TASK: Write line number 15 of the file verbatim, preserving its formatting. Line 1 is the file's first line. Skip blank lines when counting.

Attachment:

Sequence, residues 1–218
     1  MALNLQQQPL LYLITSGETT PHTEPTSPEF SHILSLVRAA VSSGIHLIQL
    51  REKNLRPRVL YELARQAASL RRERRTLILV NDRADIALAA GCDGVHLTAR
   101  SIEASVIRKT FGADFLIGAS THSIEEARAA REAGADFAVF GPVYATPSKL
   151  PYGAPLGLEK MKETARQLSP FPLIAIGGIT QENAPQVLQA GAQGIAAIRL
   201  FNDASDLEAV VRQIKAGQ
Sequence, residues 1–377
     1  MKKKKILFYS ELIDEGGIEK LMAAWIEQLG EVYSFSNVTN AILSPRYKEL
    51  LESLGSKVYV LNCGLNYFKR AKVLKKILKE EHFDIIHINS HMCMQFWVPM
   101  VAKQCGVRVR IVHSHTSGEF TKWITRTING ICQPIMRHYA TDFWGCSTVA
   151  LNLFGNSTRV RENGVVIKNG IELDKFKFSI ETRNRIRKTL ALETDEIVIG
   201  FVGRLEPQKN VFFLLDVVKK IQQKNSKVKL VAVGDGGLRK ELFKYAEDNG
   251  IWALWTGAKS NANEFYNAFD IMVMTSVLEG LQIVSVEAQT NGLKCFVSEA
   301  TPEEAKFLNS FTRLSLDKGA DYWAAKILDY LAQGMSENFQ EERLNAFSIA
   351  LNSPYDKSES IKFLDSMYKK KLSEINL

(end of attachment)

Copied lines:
   351  LNSPYDKSES IKFLDSMYKK KLSEINL